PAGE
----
“Bright Future” for Local Runner Mollie Jones

16 June 2016

Port Talbot runner Mollie Jones, 14, has been ranked top under-15 in the Welsh Championships in both the the 800m and the 1500m, assuring her chances of a future in athletics.

She represented Wales in the SIAB (Schools International Athletics Board) championships in March of the this year and ran for Wales in the London mini-marathon 11-17 category in April,  a prestigious event in which young athletes get to showcase their skills on a national level and which has previously been won by Mo Farah.

More recently, she ran outside her category on the 11th of June, entering the Welsh senior championships in the ‘under 17’ category and running against older and more experienced girls.

Mollie said: “I was a little nervous but I entered because I wanted to run against the older girls for the experience”.

Against expectations Mollie managed to win the heats and come bronze in the 800m.

“I was very pleased with the times and the bronze but it’s made me even more determined to progress,” said Mollie, who felt that winning in the heats means that she should be aiming for a gold next time.

Mollie has been running with her mum Colleen O’Leary, a former international runner herself, since she was about 8 years old just for fun but started taking it more seriously at about 10-11 years old.

She has been competing and beating personal bests on the British Athletics “power of ten” scheme since 2012. The scheme aims to bring together stats and times for young athletes all over the UK in order to encourage competition and support them to become better at their events.

Mum Colleen runs the ‘Up and Running’ training sessions on the beach at Aberavon, meeting by the Blue Whale on Wednesday (4.30-5.30pm) for the kids group, Thursday (6.30-7.30pm) for the women’s group and (7.30-8.30pm) for the mixed group every week to encourage people to get into the sport.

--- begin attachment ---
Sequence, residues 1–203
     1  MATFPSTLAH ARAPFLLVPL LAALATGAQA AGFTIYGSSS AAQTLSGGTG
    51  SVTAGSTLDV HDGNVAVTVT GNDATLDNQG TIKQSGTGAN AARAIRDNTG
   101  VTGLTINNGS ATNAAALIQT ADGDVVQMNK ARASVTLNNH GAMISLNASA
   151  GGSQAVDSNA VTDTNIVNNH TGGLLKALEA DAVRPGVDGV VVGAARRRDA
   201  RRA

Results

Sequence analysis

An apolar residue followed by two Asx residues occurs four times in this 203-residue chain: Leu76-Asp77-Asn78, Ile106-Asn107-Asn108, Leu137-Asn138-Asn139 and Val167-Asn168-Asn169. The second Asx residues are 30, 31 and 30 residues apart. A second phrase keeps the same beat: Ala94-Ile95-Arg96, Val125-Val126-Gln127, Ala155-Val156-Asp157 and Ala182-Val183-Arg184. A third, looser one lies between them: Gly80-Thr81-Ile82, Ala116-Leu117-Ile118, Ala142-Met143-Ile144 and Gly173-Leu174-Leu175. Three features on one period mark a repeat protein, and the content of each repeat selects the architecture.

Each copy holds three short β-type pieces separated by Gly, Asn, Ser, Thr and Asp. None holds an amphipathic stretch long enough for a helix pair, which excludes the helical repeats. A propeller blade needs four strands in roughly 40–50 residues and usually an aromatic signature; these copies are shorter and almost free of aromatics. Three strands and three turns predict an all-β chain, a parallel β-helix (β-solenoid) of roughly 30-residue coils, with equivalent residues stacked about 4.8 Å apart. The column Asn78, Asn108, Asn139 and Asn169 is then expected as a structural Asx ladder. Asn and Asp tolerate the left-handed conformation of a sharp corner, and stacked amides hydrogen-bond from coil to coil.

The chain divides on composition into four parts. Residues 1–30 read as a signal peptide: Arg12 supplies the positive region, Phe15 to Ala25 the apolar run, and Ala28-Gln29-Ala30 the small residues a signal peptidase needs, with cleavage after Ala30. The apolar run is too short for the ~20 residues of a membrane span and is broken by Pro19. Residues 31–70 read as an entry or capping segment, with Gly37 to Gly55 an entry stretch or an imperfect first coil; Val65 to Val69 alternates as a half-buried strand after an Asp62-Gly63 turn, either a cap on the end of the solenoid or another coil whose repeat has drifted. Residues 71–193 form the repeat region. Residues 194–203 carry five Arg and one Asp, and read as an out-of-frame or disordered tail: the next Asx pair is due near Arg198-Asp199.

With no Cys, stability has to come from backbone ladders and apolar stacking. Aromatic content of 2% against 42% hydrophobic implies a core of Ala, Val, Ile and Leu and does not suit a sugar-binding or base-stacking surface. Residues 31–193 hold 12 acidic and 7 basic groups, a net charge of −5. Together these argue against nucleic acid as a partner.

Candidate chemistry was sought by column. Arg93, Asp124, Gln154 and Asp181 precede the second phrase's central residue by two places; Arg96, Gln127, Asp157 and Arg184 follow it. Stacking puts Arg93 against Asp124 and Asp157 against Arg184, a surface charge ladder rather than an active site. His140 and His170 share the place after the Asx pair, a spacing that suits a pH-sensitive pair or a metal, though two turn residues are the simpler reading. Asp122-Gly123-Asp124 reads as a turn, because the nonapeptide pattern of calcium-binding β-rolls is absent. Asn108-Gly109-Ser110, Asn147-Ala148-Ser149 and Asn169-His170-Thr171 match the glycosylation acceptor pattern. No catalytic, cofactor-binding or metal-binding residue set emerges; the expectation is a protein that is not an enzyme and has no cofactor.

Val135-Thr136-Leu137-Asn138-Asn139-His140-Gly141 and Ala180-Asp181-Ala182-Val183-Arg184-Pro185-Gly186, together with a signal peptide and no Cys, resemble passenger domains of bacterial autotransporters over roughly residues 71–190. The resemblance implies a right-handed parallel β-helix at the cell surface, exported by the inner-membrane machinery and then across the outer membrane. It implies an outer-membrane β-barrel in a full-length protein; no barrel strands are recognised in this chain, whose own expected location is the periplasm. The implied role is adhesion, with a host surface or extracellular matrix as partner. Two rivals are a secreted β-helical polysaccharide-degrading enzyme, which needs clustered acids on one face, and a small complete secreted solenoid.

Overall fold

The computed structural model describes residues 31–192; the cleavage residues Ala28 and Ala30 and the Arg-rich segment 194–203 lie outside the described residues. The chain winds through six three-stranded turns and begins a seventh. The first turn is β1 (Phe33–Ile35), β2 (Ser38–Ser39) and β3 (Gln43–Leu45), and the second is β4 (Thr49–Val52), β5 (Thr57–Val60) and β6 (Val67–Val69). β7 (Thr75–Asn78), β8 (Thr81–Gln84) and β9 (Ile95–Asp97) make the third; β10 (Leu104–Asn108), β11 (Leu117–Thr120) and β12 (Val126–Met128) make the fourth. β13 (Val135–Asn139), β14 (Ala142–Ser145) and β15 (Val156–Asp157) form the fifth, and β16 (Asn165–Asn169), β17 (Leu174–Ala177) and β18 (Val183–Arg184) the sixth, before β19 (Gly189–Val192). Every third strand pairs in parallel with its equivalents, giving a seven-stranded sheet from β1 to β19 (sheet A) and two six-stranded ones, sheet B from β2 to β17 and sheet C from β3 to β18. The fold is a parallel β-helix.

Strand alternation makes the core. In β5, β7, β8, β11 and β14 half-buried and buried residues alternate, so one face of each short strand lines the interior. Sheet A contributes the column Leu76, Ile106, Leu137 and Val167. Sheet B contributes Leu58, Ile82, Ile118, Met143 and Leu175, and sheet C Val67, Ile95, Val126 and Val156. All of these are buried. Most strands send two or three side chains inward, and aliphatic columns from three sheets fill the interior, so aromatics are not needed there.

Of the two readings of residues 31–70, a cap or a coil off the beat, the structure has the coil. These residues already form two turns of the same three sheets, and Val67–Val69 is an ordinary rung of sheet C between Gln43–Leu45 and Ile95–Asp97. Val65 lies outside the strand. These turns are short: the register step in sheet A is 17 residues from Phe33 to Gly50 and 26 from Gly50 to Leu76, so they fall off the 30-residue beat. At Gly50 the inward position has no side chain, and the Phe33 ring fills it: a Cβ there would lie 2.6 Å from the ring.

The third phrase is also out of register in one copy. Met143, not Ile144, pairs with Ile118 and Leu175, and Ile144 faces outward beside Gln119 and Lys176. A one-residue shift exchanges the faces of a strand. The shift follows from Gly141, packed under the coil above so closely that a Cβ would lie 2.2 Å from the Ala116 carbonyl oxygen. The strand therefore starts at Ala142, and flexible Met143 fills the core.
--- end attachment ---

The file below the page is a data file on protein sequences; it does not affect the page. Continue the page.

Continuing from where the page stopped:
“I am a firm believer in introducing children to sport through athletics, teaching the fundamental movements of Run, Throw and Jump – which are transferable skills set for all sports,” she said.

Colleen’s latest project is trying to find a ‘quiet space’ in order to set up a running group especially catered to children with special needs.

13457547_10207852650848830_707084892_n

Mollie running at the SIAB in March 2016

Mollie has graduated past training with her mum now and regularly trains with the Swansea Harriers, currently on her second season  with her coach Kevin Tobin.

She trains four times a week, twice with the team and twice by motivating herself to run and keep up with her trainer.

Where some teenagers might struggle to juggle training with school work and a teenager’s social life, Mollie said: “I know I can’t do sleepovers or late night because sleep deprivation really affects my running but I just work around it all because at the end of the day it’s my future career.”

Her mum agreed: “We have never had to push her too hard as she has a natural talent, and Mollie works really hard at everything she does”

Mollie is a pupil at Sandfields, where despite her diagnosis of dyslexia she is in all the top sets. This year she will be moving to the new Ysgol Bae Baglan school, who are currently looking for local businesses to sponsor their athletics team so that they can further support not only Mollie but other children in the area.

She is also looking forward to taking part in an ‘invition only’ race in Oxford, known as the ‘British Miler Race’ which is on the historical track where Roger Bannister broke the record in 1954 by running a mile in under 4 minutes, and will spend the summer training for the Welsh Under 15’s competition in August.

Article tags

Share this article

Comment on this article

seventeen − 13 =